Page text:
Viable In A Square World?

S&W’s 3" K-Frame ‘Round-Gun’

Old school but still cool. This 3" round-butt M66 sits in a period Bianchi No. 3 holster
next to a DeSantis 2x2x2 cartridge pouch.

Amidst a tsunami of polymer-framed autoloading pistols we’re seeing a groundswell of renewed interest in double-action revolvers. Some of the most popular are the 3″ barreled K-Frame Smith & Wesson wheel guns in round-butt configuration.

Why this particular variation? The fact they’re relatively uncommon is the least of it. The “3KRB” has a lot going for it. Let’s examine why.

Old and new 3KRB: From top left the M13 .357, the M547 9mm and M66 .357.
At right the new .357 M19 K-Comp from S&W’s Performance Center.

Appealing Features

The 3″ barrel — with the correct outside-the-waistband holster — protrudes less from beneath the hem of the concealing garment than a full-length service revolver. The extra bit of barrel gives it a smidgen more velocity than a 2″ or 2.5″ specimen. Perhaps the greatest tactical advantage over the more common shorter barrels is the full-length ejector rod, making an emergency reload much more positive.

The K-Frame is still medium in size, reasonably concealable but with much better handling in actual shooting than the smaller J-Frame. Its cylinder holds a full six rounds instead of five, its trigger reach is optimal for the average adult male hand and it has just enough heft to keep recoil manageable without making the wearer list to one side. And, of course, there’s the famously-smooth trigger pull.

The round butt seems to conceal distinctly better than the square one and the round butt was the configuration of the very first Smith & Wesson .38 Hand Ejector Model of 1899. Some of us feel it fits our hand better than the more common square-butt S&W as well.

Taken all together — and we’re being subjective again here — lots of us think this particular S&W configuration simply has exquisite balance, not only in the tactile sense, but in looks too. There are also elements of habituation and tradition. My friend Vant Abercrombie recently retired from a distinguished career as a police investigator. The day after his retirement he put away his issue 16-shot .40 caliber polymer pistol and strapped on his favorite 3″ S&W Model 65. “It’s comforting to have a classic .357 at my side,” he says.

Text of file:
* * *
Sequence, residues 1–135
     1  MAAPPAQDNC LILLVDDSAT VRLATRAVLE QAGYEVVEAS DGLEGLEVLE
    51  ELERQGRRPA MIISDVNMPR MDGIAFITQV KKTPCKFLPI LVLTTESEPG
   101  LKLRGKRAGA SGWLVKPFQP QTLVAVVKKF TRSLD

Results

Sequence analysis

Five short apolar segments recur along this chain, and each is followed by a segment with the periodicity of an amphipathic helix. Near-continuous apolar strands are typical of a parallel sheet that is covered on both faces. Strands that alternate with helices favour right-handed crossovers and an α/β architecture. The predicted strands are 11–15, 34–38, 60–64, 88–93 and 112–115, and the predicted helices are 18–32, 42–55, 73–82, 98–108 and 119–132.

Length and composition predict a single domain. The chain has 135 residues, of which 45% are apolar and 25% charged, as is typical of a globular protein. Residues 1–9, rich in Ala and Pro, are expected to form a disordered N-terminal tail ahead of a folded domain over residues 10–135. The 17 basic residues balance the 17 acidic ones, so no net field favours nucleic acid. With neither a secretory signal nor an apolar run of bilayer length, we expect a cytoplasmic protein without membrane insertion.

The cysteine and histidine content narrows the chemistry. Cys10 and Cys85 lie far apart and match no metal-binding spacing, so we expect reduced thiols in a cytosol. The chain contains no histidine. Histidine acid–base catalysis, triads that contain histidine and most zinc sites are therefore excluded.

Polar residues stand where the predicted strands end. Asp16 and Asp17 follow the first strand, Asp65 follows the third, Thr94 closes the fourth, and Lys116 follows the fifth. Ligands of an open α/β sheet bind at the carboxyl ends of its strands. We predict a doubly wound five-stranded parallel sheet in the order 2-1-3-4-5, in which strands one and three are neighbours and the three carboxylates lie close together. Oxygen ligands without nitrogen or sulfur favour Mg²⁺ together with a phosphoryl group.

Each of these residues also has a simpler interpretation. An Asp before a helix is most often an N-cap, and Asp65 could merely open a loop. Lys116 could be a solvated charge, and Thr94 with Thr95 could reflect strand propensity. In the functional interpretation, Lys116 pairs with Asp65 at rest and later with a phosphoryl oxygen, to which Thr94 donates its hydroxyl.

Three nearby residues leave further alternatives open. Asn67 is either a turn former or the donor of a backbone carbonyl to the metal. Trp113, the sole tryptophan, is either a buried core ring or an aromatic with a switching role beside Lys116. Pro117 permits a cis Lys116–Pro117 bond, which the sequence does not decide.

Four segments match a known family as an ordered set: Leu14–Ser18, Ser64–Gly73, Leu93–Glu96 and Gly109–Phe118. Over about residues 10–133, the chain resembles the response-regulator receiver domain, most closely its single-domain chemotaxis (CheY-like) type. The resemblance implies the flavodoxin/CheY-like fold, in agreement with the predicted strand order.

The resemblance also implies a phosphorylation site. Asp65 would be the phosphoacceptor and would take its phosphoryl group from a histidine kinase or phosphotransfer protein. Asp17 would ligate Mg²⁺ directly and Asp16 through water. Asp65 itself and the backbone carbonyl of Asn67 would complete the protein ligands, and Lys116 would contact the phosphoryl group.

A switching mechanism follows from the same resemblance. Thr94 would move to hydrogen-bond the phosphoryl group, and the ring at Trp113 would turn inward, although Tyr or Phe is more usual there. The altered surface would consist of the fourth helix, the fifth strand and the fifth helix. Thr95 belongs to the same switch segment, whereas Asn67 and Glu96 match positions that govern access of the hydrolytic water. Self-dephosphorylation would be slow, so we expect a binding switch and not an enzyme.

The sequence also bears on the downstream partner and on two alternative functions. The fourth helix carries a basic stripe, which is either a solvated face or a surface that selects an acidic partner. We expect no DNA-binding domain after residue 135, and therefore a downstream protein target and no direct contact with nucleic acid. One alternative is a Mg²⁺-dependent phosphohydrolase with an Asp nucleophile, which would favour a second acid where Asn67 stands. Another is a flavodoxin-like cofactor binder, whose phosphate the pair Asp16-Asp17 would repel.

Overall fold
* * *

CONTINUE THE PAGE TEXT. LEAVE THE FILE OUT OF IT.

Retired cop Steve Denney still loves to hammer things with sweet-shooting 3KRB revolvers.

French rarebit: This long-out-of-print Smith M547 9mm showcases the distinctive 3KRB look to a “T.”

What’s Out There?

Smith 3KRB’s are most commonly encountered with fixed sights. In .38 Special, this includes the chrome-molybdenum steel Model 10 series (blue or nickel) and the Model 64 stainless. In .357 Magnum, it’s the Model 13 in chrome-moly, and the Model 65 in stainless. The 3″ Model 13 was the last service revolver the FBI issued before changing to autos. The least common variant is the Model 547 in 9mm Luger, said to have been made originally for the French government.

All these have naked ejector rods except for another rare variant, the Model 65 Ladysmith, which has fixed sights but also the shrouded ejector rod more commonly seen on the adjustable-sighted .357 Combat Magnum.

Adjustable sight versions are much less common. Round butt 2.5″ .357 Combat Magnums were hugely popular but the 3″ option was never cataloged and always was a special order for a distributor or (usually) law enforcement. The stainless 3″ Model 66 is thin on the ground, and while I’ve heard of 3″ Model 19’s, I’ve never actually seen one. The Model 66 is my personal favorite among the 3KRB guns simply because its adjustable sights (changed to MeproLight versions on mine) allow me to dial in precisely with any of the wide range of .38 Special to top-end .357 Magnum loads.

Good news: You no longer have to haunt gun shows and to find one. S&W has reintroduced the adjustable-sight Model 66 with a 2.75″ barrel — close enough! — and I recently had a chance to shoot the K-Comp 3″ Model 19 with a ported barrel and Trijicon front sight from the Smith & Wesson Performance Center.

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